But the regaining of trust has been tried so many times—Gatlin, who has claimed he doesn't know why he tested positive, was the new, clean face of track and field in 2004—that the public has grown fatigued and moved on. For every word of praise spoken for Gay and Felix (and others in the program, like decathlete Bryan Clay and swimmer Michael Phelps), there will be suspicion that designer steroids like those pedaled by the notorious Victor Conte remain undetectable.
Track and field is caught in a paradox. It is among the most popular high school participant sports in the U.S., trailing only football and basketball among boys and basketball among girls. Yet look at the broadcast plans for the Beijing Olympics. Under pressure from NBC, the International Olympic Committee has placed swimming and gymnastics in the morning, so they can be shown live in prime time in the U.S. The IOC left track and field in the nighttime hours in China, to be broadcast here on a delayed basis. Once, track and field was the centerpiece of U.S. Olympic coverage. That is no longer the case. It is dangerous for a network—or a magazine—to throw its passion behind track athletes, only to be embarrassed later when they are found to have cheated.
It is fair to suggest that track athletes have behaved no worse than baseball players, yet baseball still posts record attendance and revenue. Meanwhile track and field drifts away from the mainstream, forcing the likes of Felix and Gay to make lab rats of themselves to engender support. The reality is that the sport lacks the strong leadership needed to combat the culture of disbelief. It doesn't have the underpinnings of public support that baseball enjoys. Fans want baseball to succeed; it's the national pastime. Track has a devoted core audience, but it is not potent enough to shape public opinion.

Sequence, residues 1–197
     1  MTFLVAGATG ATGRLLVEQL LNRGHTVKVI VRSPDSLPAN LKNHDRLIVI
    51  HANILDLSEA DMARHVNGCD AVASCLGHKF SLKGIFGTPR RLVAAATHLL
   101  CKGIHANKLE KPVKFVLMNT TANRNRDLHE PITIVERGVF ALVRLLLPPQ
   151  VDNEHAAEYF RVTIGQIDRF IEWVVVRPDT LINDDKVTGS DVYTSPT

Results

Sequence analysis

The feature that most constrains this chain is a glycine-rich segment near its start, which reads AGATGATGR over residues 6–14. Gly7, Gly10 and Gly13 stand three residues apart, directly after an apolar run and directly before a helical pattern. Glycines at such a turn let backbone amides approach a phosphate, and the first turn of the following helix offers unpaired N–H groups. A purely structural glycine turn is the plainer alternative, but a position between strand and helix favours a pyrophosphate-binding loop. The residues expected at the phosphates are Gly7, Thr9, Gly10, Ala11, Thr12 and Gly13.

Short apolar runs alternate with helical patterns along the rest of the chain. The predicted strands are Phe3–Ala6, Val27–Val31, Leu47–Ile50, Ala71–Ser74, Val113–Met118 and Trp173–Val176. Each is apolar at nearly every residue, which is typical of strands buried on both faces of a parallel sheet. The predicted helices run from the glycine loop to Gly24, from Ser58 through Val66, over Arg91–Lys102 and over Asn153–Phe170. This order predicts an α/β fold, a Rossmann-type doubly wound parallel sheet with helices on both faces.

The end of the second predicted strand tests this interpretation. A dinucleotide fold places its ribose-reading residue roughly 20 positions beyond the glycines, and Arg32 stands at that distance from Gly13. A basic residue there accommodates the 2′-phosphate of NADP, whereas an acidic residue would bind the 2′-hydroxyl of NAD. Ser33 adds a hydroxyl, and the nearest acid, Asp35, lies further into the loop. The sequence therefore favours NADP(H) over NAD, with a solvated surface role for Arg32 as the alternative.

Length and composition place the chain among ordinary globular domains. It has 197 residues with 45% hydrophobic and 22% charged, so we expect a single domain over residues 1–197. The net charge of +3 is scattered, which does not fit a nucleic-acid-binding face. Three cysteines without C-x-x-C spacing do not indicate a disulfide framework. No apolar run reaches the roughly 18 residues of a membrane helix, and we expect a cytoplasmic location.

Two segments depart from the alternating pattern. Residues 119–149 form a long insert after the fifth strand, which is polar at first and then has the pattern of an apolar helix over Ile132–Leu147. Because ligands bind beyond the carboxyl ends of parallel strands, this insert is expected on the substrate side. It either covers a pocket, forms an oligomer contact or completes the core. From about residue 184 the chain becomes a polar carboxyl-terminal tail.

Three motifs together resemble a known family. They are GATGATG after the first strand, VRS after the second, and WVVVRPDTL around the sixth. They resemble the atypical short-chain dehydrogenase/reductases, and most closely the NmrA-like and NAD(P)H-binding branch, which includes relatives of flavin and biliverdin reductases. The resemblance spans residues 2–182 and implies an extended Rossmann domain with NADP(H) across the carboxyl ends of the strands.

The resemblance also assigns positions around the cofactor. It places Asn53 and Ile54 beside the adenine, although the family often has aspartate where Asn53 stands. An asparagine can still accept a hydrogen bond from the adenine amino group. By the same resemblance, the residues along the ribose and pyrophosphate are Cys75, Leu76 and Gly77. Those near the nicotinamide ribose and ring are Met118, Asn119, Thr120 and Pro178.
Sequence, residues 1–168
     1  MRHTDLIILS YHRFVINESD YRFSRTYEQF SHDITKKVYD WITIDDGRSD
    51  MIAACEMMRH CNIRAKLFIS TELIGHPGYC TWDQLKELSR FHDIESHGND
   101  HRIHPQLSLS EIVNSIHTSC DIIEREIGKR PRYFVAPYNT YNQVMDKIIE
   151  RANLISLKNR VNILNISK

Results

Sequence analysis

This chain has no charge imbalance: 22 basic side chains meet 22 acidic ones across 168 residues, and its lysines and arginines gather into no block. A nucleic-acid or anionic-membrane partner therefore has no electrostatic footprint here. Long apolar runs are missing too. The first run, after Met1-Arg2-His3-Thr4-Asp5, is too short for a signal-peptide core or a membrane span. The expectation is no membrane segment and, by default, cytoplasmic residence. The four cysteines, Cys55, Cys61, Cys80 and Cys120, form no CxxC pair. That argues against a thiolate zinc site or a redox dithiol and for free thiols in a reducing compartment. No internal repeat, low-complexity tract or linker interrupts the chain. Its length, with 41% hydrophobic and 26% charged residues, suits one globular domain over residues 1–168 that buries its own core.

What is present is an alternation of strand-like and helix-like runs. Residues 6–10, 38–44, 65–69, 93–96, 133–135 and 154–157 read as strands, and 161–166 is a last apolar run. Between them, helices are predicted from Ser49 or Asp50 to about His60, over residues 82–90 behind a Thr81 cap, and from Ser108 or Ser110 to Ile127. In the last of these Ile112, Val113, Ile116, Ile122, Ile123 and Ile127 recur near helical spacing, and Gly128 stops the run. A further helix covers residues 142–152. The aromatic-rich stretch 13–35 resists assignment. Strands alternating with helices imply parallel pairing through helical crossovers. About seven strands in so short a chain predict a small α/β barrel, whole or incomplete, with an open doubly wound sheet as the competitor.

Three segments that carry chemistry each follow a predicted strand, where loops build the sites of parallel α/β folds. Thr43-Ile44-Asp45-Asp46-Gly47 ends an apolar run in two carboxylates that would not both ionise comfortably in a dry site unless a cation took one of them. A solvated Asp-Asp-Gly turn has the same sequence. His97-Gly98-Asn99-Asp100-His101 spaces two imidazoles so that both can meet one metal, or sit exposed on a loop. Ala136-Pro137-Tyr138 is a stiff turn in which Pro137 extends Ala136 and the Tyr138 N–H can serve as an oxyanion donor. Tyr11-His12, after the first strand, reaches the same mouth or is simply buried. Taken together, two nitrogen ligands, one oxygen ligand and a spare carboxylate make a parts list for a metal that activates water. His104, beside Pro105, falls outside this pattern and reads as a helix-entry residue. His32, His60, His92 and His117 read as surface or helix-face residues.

Perversely, track and field has damaged itself with a vicious cycle of good intentions, testing its athletes endlessly (as much as 40 times a year, according to some athletes I have interviewed; and now Gay and Felix will get more than that), increasing the likelihood of finding cheaters. Baseball and pro football drug-test, but far less often and less effectively. Track is trapped in a sordid recent past, as media expos�s and the continuing BALCO case (which includes the Graham trial) keep attention focused on tainted runners who are no longer competing.
Yet the greatest danger for track is not outrage; it is apathy. Gatlin's suspension was a huge story, breaking on the heels of Floyd Landis's fall in the Tour de France. Jones's admission last fall that she used steroids and lied about it moved the needle of public disgust a bit less. The allegations against Greene, one of the two greatest 100-meter runners in history (along with Carl Lewis), have been greeted by something akin to a nationwide shrug, almost as if it were expected. Another one bites the dust.
When a drugged track athlete is no longer, as Godina once said, a big story, a very steep climb is left for the next generation.